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Have you read the glaring headlines lately? “Fast Food as Addictive as Heroin.”Recent headlines say: “Fast Food is Addictive as Heroin”
Pretty shocking stuff, and probably so shocking you skipped right over it thinking such an outrageous claim couldn’t possibly be true. Unfortunately, while more and more research supports the connection it remains a go-to meal choice.
Here’s more bad news: Young adults, aged 18 to 29 eat fast food more often than any other age group. The U.S. Dept. of Health and Human Services 2012 Fact Sheet reveals more than two-thirds of adults are considered overweight or obese.
So how do you avoid the convenience of conveniently, fast food?
Start by investigating the why’s and when’s of your purchases and get organized. So let’s take a look at what might be triggering your drive thru habit.
- Determine how often you stop at fast food places: is it every day or several times a week? Is it a lifestyle that fit your on-the-go schedule?
- Consider what time of day you stop at fast food restaurants: do you start your day there, pop in at lunch or pick something up for dinner when pressed for time?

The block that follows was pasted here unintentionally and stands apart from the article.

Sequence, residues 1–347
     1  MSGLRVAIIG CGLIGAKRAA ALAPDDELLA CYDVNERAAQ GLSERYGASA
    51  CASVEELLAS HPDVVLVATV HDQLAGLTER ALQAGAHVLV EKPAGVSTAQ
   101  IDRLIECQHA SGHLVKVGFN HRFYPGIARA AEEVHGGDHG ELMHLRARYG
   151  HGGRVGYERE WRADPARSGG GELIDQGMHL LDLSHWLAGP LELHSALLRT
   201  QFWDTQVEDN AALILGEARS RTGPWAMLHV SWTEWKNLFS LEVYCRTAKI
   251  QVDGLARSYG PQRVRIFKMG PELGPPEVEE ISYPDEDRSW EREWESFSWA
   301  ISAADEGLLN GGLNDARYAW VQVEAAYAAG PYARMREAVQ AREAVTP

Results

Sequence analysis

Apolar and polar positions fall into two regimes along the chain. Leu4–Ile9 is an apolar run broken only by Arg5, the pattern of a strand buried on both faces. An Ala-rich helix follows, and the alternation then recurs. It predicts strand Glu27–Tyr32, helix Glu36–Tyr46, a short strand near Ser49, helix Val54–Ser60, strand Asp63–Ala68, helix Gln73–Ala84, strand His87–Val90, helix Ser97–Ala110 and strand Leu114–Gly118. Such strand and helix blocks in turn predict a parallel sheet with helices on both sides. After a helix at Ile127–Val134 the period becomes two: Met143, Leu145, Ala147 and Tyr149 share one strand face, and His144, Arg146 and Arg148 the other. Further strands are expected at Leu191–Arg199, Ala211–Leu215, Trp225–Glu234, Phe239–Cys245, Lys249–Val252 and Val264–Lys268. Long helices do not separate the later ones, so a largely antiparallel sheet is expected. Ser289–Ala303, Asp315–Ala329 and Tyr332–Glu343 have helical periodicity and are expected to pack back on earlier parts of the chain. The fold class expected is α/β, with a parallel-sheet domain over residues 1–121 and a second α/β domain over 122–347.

- Think about why you make the fast food stops: if you identify the cause it’ll help break the habit.
- Keep track of cravings: is it cheesy, salty or sweet that drives your hankering? It may be your body’s way of telling you that it needs that particular ingredient. This can be due to a vitamin or mineral deficiency or from poor nutrition.
If you can identify with one or more of these causes, it’s time to get busy and do something about it.
I’ve said it before and I’ll say it again, change doesn’t happen overnight and it takes some effort. But there are answers, and I thought I’d share a few to get you thinking about moving forward with a healthier lifestyle.
- Eliminate – *sodas and junk food snacks. This might be the hardest challenge of all but it can lead to the biggest healthful change you can make.
- Form new habits – when you eliminate soda and junk food, replace them with water and healthier snack options.
- Limit your indulgences – if you absolutely have to eat something you know isn’t good for you, limit your portion size.
- Don’t treat giving up fast food as a punishment – replace it with healthy, delicious foods you like. The key is not to deprive yourself, but reward yourself.
- Stick to your plan when the going gets tough – it’s normal to slip up. In fact, expect it to happen. Get back up with more effort the next time and it will continue to get easier.
Today’s Take-Away: One of the hardest reality checks is to put numbers to your “McMeals.” If nothing else, estimate your weekly or monthly calorie intake. It will shock you, and hopefully redirect your cravings to foods that will “keep the doctor away.”
*The average American consumes 45 gallons of sugary drinks a year. That’s 39 lbs. of sugar – about as much as a 5 year-old child weighs.